- One, file and suspend strategy (of which there are many) is for spouse one at FRA to file and suspend, allowing spouse two to claim a spousal benefit. This allows spouse two to receive substantial income while spouse one can grow his or her income benefit with delayed credits.
- Cross claiming is not allowed where both spouses receive spousal benefits with or without restricted applications simultaneously.
- Switching between strategies and using different eligibility ages creates a multitude of possible family benefit (couples) outcomes;
This next Case Study Video looks at income starting next year. Another must see Income Planning example.
Cindy wanted to retire next year but did not want to risk retiring too early and running out of money. This educational video explains how Cindy and Bill used an Inflation Hedged Income Strategy that included Social Security and Annuities..
Social Security Spousal and Survivor Benefits
- Individuals are allowed to receive their retirement income benefit based on their own earnings record or up to 50 percent of the higher earning spouse’s PIA, if it calculates to a higher retirement income benefit less any reductions for claiming at an early retirement age;
- This calculation is sometimes explained as topping off or topping up.
- Topping off or up is actually receiving the lower earning spouse’s retirement income benefit and then topping it off or up with the higher earning spouse’s PIA until it reaches half of the higher earning spouses PIA.
- Spousal survivor’s retirement income benefit can begin as early as age 60 (and age 50 if disabled) provided the marriage was not less than nine months and the decedent was eligible. When dependent children are younger than sixteen, the surviving spouse can be eligible at a younger age;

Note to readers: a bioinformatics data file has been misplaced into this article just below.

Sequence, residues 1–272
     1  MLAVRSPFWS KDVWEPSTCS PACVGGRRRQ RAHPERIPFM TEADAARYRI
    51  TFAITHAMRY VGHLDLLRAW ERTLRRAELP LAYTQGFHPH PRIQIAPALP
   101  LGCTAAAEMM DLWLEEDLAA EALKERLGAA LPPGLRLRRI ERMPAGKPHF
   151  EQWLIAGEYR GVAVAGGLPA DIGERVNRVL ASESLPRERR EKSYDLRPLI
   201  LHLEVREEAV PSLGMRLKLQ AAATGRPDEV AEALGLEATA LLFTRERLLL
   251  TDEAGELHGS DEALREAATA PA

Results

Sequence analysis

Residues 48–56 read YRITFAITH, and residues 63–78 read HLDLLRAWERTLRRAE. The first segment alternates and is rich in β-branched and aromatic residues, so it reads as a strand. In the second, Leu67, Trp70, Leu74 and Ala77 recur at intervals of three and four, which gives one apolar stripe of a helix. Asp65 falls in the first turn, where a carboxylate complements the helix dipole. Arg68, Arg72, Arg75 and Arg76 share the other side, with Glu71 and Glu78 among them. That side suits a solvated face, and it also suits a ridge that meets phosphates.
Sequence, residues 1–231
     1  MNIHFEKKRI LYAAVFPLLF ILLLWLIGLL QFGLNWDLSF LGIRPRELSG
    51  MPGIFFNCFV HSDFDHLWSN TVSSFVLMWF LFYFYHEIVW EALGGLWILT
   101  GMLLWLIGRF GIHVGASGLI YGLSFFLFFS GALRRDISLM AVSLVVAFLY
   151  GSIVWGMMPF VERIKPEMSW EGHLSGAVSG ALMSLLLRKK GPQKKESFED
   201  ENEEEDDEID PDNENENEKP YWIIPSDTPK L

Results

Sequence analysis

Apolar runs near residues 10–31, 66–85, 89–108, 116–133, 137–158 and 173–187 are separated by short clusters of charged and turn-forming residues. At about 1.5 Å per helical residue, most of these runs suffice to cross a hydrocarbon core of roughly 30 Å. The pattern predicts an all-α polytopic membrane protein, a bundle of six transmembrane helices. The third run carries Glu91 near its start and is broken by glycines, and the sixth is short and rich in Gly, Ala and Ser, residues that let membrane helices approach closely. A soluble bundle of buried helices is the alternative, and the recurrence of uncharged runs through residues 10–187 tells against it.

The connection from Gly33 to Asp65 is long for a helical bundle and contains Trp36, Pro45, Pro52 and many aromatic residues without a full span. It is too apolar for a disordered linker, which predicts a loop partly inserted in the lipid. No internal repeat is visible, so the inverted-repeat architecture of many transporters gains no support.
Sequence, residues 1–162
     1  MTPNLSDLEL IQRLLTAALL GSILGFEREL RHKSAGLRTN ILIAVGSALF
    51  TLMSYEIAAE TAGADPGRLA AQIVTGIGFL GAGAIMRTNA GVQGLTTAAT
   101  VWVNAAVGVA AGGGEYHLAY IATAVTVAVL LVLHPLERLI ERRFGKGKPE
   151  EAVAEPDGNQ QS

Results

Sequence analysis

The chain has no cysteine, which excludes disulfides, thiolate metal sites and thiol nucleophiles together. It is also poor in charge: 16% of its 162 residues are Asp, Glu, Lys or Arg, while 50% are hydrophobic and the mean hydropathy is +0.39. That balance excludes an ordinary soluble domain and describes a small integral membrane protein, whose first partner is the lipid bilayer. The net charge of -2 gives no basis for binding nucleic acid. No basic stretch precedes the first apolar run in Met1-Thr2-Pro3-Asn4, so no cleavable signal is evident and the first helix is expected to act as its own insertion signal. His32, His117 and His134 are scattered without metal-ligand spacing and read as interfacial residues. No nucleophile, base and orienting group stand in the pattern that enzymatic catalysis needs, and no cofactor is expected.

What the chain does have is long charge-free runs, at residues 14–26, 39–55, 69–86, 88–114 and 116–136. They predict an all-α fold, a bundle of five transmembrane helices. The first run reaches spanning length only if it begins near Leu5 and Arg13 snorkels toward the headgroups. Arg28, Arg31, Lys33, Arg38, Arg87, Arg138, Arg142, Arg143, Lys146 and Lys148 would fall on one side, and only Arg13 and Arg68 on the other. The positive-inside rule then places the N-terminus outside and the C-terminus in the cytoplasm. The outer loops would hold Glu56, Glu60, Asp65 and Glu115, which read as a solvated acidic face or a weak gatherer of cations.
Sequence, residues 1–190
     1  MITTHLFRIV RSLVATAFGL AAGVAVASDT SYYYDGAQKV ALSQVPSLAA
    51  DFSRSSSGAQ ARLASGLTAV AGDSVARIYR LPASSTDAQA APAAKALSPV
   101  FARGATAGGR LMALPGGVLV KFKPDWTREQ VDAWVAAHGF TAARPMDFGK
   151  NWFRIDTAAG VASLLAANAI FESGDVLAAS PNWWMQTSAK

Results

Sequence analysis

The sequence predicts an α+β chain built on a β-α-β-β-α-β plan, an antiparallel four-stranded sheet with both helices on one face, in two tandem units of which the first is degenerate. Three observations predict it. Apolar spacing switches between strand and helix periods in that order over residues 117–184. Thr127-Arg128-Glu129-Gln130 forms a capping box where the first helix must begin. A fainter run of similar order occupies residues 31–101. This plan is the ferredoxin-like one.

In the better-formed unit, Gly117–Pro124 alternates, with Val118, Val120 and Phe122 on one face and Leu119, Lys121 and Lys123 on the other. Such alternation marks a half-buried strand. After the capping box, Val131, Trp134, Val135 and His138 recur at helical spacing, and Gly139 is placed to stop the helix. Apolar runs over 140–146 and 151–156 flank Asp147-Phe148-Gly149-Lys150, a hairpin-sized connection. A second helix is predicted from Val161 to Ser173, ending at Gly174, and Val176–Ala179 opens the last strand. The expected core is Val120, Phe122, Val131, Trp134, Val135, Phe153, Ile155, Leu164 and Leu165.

- Taking spousal survivor benefits prior to FRA will discount or reduce retirement benefit income based upon a disproportionately lower rate rather than a discounted PIA based on an individual’s own earnings record and PIA.
- Un-remarried divorcees are entitled to survivor benefits if they were married for 10 years or more during the decedent’s lifetime;.
Windfall Elimination Provision and Government Pension Offset
- The Windfall Elimination Provision (WEP) may reduce but not eliminate benefits for individuals with pensions that were earned outside of the Social Security System depending on multiple factors such as earnings record, years of social security credits and age of eligibility;
- Government Pension Offset (GPO) – when one earns a government pension not based on Social Security, it is likely to reduce spousal or survivor benefits by two-thirds and can be reduced to zero;.
Refunding and Restarting Social Security
It is possible to start over with an election
decision within a twelve month period in the event one feels that a mistake was
made. To do this, one must fill out a form and payback all benefits received..
Always get a second or third opinion to avoid costly Social Security mistakes..
“Choose Social Security based on benefits and math instead of general concepts.”
Work with a vetted advisor having proven expertise in Optimizing Social Security..
Those that understand the importance of optimizing Social Security will inevitably need some outside planning help. The Social Security Administration offers little guidance in the area of optimization other than giving income payouts based on the retirees’ earnings record and a proposed start date with no maximization analysis of the family benefit. The vast majority of advisors do not offer social security planning and are ill equipped, so generic advice is given instead of actually knowing what’s best.
Comprehensive Social Security planning takes a specialist –having the proper analytical software combined with experience and the knowledge to design cash flow strategies in retirement that can produce optimum results. This type of expert can be scarce and in more demand than a general advisor or broker, so one may have to search more diligently to find this type of retirement planning advisor. They should be able to help with not just the Social Security aspect but also the cash flow analysis to weave the entirety of a successful retirement income and estate plan together. Using available assets and income streams for income at optimal time periods will achieve a retirees’ most optimized total cash flow in retirement considering all factors.
Social Security optimization is not intended to be a stand-alone income stream or calculation rather it is an integral portion of one’s overall retirement income planning.